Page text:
Westfield launches a & # 39; sensitive Santa Claus & # 39; for children with autism that offer a peaceful and relaxing environment for photos with Santa Claus
- Christmas Wonderland allows parents to relax while children interact with Santa Claus
- & # 39; Sensitive Santa & # 39; was launched by Westfield to provide for children with autism
- Parents must book a session, but do not have to wait in a queue
Westfield Shopping Center is going to be a & # 39; sensitive Santa Claus & # 39; introduce for children with autism.
Children with sensory problems can have their photo taken with Santa in a relaxed environment without crowds before the rest of the mall is open.
The lights inside are dimmed and there will be less noise to prevent children from being overwhelmed by the experience.
Westfield has a & # 39; Sensitive Santa & # 39; launched for children with autism (photo: Santa at Westfield)
In the Christmas wonderland, parents can relax while their children ask Santa Claus for presents and have their photo taken (photo: children with Santa Claus)
Parents of autistic children say that it can be stressful to let their children participate in the Christmas tradition of taking a picture with Santa Claus.
Sandy and Richard Golder's eight-year-old daughter, Imogen, is autistic and has ADHD and anxiety.
The Golders said they had given up having Imogen take a picture with Santa in a mall, given the difficulties she was having.
& # 39; I love Santa & # 39; s photos, but my husband said: & # 39; No, too stressful, we won't do it again & # 39; but I feel bad because she's missing, & # 39; Mrs. Golder said Daily telegram.
& # 39; By the time we were in front, Imogen was panicking and trying to rush us in and she didn't want to sit in the chair. & # 39;
Autism is a persistent developmental disorder that causes problems in social interaction, limited or repetitive behavioral patterns, and reduced communication skills.
Children with autism can find lighting, crowded and noisy places stressful because it affects their senses, making it a challenge to make ends meet.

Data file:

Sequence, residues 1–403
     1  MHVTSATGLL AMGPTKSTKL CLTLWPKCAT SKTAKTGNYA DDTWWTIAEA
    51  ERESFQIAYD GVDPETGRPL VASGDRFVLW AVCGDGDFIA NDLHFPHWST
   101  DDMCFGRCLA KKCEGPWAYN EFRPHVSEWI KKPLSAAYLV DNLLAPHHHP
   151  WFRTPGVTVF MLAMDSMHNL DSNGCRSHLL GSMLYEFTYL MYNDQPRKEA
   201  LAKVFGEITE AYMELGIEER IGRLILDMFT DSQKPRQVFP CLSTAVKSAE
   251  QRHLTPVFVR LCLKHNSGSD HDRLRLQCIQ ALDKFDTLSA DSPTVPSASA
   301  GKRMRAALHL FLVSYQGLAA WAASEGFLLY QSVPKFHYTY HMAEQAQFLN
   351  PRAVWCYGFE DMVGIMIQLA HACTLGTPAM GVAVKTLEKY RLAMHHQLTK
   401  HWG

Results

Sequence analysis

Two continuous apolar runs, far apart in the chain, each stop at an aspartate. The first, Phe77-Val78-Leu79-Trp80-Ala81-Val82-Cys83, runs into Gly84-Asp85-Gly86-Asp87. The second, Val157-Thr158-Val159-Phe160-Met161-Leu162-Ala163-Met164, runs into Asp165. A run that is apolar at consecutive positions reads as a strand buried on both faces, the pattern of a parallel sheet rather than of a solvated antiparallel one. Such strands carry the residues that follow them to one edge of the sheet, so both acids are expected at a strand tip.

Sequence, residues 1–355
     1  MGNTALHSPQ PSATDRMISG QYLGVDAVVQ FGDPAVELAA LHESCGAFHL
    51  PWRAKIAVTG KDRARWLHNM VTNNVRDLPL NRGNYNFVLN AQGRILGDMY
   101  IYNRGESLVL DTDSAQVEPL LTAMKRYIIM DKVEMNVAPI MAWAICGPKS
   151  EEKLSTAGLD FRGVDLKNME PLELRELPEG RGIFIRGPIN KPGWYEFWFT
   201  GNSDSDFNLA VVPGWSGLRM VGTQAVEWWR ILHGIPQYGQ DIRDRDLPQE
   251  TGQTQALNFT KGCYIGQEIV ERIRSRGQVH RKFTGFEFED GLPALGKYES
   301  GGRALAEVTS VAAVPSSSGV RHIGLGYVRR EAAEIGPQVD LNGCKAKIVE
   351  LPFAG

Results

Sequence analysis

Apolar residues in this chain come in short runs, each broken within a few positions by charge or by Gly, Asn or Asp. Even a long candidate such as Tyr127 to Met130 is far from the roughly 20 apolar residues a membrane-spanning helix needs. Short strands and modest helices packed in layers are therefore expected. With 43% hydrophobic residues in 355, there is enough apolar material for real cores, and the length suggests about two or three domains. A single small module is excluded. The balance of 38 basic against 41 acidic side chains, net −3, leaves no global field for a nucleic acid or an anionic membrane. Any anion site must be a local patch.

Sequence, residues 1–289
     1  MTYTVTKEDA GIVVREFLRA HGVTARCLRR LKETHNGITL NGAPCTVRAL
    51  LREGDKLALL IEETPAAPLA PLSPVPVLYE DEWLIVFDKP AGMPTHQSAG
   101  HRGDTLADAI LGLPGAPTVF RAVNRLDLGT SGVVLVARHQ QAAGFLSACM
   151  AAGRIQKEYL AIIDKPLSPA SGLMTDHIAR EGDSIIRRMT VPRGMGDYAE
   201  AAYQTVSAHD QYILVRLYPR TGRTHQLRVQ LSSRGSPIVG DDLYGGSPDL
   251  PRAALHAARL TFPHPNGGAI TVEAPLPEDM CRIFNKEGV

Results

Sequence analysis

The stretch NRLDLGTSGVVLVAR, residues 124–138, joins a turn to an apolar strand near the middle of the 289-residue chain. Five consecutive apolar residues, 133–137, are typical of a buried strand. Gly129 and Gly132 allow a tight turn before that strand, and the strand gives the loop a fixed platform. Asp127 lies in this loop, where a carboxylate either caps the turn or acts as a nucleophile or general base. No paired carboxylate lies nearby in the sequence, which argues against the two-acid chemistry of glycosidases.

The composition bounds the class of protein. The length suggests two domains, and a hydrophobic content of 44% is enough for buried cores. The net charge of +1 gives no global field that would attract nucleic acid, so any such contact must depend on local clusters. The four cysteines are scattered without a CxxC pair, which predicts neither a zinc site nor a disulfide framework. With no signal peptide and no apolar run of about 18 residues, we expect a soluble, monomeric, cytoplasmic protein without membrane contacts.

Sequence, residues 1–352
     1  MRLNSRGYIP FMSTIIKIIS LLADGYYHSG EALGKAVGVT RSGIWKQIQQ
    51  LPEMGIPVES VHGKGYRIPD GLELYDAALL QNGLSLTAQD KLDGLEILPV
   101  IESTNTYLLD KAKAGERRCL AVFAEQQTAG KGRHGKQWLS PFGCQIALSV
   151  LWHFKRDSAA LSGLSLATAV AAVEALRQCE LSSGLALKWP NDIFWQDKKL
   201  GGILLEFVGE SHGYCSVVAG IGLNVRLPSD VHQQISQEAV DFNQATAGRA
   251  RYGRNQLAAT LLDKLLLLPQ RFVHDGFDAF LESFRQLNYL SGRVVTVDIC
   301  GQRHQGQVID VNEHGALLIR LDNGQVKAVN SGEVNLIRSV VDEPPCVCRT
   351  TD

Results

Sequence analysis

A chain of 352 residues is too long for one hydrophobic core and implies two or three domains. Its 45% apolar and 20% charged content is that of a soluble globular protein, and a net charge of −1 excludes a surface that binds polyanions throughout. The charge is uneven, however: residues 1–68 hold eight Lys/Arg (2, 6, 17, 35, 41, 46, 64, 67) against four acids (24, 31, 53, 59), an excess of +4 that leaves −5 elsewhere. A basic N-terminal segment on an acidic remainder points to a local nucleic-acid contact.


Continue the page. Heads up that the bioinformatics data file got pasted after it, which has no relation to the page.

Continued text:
Tasha Alach from Autism Association of Western Australia said Sensory Processing Disorder (SPD) is one of the biggest challenges for children with autism.
& # 39; Often one of the biggest challenges for people with autism is the loud, unexpected noises and bright lights, so being able to come to the mall early in the morning and eliminate all those noises is a very positive opportunity, & # 39; she told the ABC.
& # 39; There is still a lot of stigma associated with the behavior the children show when they are in the mall, so that families are really not ashamed, but feel uncomfortable and don't want to come back.
& # 39; So we are able to build their confidence and create a community, an environment where they can feel supported and safe.
Westfield launched & # 39; Sensitive Santa & # 39; tailored for children with sensory challenges to have their photo taken in a relaxed environment (Photo: Children with Santa)
Sensory processing disorder
- A complex neurological disorder that affects functional skills
- Causes the misinterpretation of everyday sensory information, such as touch, sound, and movement
- Individuals can look up sensory experiences or avoid certain experiences
- Experience their world as hypersensitive (about reactive, sensory avoidance) or hypersensitive (under reactive, sensory search)
Source: SPD Australia
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